5. Let's ask the dreaded question: what if it happens to us? (Again...this rings somewhat cold-hearted, but bear with me.) In the past, it seemed like the uber-macho environment of the league framed up the debate around these kinds of things as "guys quitting on their teammates." We'd be fools to think this doesn't still occur, but it does feel like players are a bit more understanding when their peers make this tough call. I can think of a couple players in burgundy and gold whose retirement would decimate our hearts as well as our playoff chances. I'll give you one, and you can suggest others. Jordan Reed has been sidelined with concussions already--I believe he has had four of them in four seasons. He plays one of the most physical positions in the modern offense, and from a probability standpoint, you'd have to assume the odds of him sustaining additional concussions are north of 50-50, right? Man...just the thought of him retiring early bums me out.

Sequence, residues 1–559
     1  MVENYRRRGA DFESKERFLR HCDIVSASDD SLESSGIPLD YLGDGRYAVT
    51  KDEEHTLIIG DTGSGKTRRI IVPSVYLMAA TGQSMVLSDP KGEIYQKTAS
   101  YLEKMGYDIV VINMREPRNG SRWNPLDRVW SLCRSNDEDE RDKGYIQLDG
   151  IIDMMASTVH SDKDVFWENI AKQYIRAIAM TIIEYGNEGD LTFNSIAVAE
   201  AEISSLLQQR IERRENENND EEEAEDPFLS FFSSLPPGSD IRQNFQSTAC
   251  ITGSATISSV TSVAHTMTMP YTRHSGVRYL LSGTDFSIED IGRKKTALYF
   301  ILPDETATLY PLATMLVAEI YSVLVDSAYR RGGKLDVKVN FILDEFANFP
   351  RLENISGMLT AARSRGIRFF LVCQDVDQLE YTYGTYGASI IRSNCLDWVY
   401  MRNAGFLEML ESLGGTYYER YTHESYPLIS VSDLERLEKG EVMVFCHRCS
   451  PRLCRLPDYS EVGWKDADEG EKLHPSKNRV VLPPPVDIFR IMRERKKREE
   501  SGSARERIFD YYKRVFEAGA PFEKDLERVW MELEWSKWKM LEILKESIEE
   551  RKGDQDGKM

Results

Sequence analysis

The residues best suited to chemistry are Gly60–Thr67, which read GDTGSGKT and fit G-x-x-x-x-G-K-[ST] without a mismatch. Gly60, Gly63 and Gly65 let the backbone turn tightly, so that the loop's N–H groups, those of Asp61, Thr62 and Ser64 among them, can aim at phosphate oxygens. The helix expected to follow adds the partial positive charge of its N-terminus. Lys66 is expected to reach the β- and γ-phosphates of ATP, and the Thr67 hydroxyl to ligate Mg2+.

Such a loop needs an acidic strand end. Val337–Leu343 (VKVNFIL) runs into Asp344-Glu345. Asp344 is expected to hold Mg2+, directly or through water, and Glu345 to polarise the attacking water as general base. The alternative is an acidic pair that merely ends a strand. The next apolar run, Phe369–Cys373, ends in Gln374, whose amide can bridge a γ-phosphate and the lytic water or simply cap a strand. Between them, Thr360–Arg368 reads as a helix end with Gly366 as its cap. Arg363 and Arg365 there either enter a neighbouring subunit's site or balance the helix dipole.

6. We'll be hitting draft topics hot and heavy for the next week and a half (no head shots). I figured this new era of early retirements has at least minor--if not major--implications when guys like McLovin analyze the pros and cons of every single potential draft pick. We'll be talking about this and other topics tomorrow night on The Audible. We'll be joined tomorrow by Aaron Lesher, one of our lead writers covering the draft here on Hogs Haven. I would greatly appreciate any questions or comments you have about the upcoming draft and/or our coverage for our discussion with Ay-Ay-Ron. He has been spending an unhealthy amount of time watching game film and poring through scouting reports to prepare for this year's event. It is always a tough act to follow when you go after Steve Shoup, but let's see how the new guy operates! I would also solicit your MOST positive Redskins thought heading into the spring/summer. Try and refrain from just saying you love Scot McCloughan. We all love him. Hone in on something specific. We'll be using this as a springboard for our Redskins Lightning Round tomorrow night.